The premium I'm paying for a Pixel covers the 3yr for 1TB costs of which I'm only using 1% of and the premium hardware. The support is as non-existent as everyone else. I should have held out for the Dell 13".

In a related failure... my wife's iPhone has been exhibiting some problems recently. Her phone is the iphone 6 plus and it has started to get very warm; and warmer after upgrading to iOS 9. I think I found the problem in the number of apps that are actually running in the background (almost 15 apps). Then different apps started crashing. First it was safari, then it was the camera. We had initially planned to take the phone to a genius but as time passed I realized the first thing that they were going to recommend was that I/we reset the phone. So I/planned to reset the phone last night.

NOTE: iCloud backups has not run in a few months as sh ran out of storage.  That happens when you have a 128GB phone with 5GB backup storage.

As I had been thinking about the problem I decided that a reset and restore from iCloud was not an option because whatever software state was in the machine right now was going to be restored back onto the machine if the error was in the media that was backed up.

NOTE:  A "like new" reset will delete all of your cloud backups.

... getting to the conclusion...

I should have backed the phone up to iTunes in order to save 4 months of pictures that were not backed up anywhere else. I like my android phone because everything defaults to living in the cloud and so there is no partitioning of data as I once experienced when my MacBook ran out of storage for iPhoto. I can replace my android phone a hundred times and I'll have my data.. just like my Chromebook. That's the sweetspot that Google found that Apple did not.

And "good enough" means "the most expensive is not always the best". (probably never is)

Monday, September 21, 2015

What does a complete modern enterprise container-ship look like?

In a recent rancher labs blog post the author covered ELK (Elasticsearch, Logstash and Kibana). What caught my attention was the number of containers required to deploy the design. As I began to consider the deployment I realized that the 4-5 containers deployed to watch one container is a little overkill but of course you have to start somewhere as you transition from a legacy deployment to containers.

Assuming that converting to containers from baremetal or VM solutions has a net zero overhead cost then converting your enterprise from [a] to [b] should require the same hardware footprint/cost. Agreed?

What does a complete modern enterprise container-ship look like?

Wednesday, September 16, 2015

did I authorize this?

When did Google ask me for permission to be solicited for donations?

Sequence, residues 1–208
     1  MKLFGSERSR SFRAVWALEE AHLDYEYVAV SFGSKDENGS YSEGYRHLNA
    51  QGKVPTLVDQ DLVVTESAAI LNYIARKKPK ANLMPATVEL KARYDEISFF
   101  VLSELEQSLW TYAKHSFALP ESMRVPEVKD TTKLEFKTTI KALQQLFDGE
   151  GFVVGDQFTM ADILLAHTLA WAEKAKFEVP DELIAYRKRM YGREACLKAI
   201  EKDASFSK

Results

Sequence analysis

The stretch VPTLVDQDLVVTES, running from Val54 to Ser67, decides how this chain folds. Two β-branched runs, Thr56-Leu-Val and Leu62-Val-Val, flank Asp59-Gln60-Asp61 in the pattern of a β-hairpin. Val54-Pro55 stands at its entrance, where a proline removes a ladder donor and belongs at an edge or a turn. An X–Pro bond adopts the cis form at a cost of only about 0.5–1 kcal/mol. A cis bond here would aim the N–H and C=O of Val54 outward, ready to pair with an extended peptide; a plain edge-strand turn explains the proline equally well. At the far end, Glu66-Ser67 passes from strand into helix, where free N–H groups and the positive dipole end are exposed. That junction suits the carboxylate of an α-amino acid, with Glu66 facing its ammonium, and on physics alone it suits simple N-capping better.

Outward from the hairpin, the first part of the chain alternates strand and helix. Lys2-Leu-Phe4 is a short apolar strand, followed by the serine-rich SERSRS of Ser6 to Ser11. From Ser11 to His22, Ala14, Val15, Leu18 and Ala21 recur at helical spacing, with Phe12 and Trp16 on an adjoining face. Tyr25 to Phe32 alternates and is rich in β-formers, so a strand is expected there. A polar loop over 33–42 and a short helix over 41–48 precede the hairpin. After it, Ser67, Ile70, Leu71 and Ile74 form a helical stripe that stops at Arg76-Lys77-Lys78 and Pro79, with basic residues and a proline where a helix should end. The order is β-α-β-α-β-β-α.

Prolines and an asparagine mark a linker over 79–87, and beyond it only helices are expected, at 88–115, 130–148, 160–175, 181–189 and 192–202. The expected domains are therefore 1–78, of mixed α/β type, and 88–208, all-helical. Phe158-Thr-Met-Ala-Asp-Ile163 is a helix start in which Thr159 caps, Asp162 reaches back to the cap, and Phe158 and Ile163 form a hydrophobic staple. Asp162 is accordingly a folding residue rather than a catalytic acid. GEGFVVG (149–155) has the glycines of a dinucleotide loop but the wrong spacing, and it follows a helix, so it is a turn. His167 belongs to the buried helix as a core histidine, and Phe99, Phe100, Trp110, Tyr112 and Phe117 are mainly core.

screenshot region of Chrome browser on my ChromeOS machine

The cost of free

There is something to be said for sweat equity, however, at some point you will need to take a shower. I really like shows like The Profit and Shark Tank. There is a lot of reality distortion going on over there but unless you hit on something yourself it is what it is.

The thing about sweat equity is that it comes at the cost of the equity. What I mean it that if I'm one of those 10x programmers and I work an 16hr day and I'm still taking in an 8hr paycheck then I might only be making pennies on the dollar. This is particularly painful if the equity is not my own.

So while I look at all of the open and free-ness of projects like CoreOS and Kubernetes that free is not free. Building your own system or manually maintaining a CoreOS cluster according to the best practices or managing a Kubernetes cluster while free is still very expensive. When you're a 10x * 16hr accruing equity at pennies on the dollar spending that time on developing infrastructure when it should be vendored out is just not the best exchange rate.

CoreOS offers try before you buy versions of CoreOS but 30 days is just not enough trial for me. And when I look at Tectonic it's preview pricing is at 1500/mo and while that is a good portion of a resource on the payroll building my own systems... But in the free model I cannot get enough experience to champion in my org.

Sunday, September 13, 2015

An iPad for all occasions

I have been a hardware geek as far back as I can remember ... and I have been predicting the iPad 13in for about 4+ years. At the time I was the director of a small software development  department for a payments company headquartered in Alabama. Since I was responsible for everything that had a CPU in it I also contributed to the design of the call center. At the time we were experiencing rapid growth with not much of a disaster recovery plan.  My hope was that Apple was going to expand their tablet offering so that we could (a) deploy a wifi network anywhere we needed it to be including just generally remote with a VPN (b) in-house we could reduce the cost of wiring phone, power, and wired networking (c) the enterprise support for managing users and remote destruction of corporate assets was a huge plus (d) by looping Apple or our hardware leasing company into the DR plan we could have hardware at the ready for on demand deployment to the DR location.
And now here is the iPad Pro in all of it's 13in goodness.
While the iPad of 2010 would have been sufficient the iPad Pro has a lot to offer.  The CPU, RAM and Storage are good. It also has better support for multiple foreground applications... and I'm certain all of the other enterprise features are still there.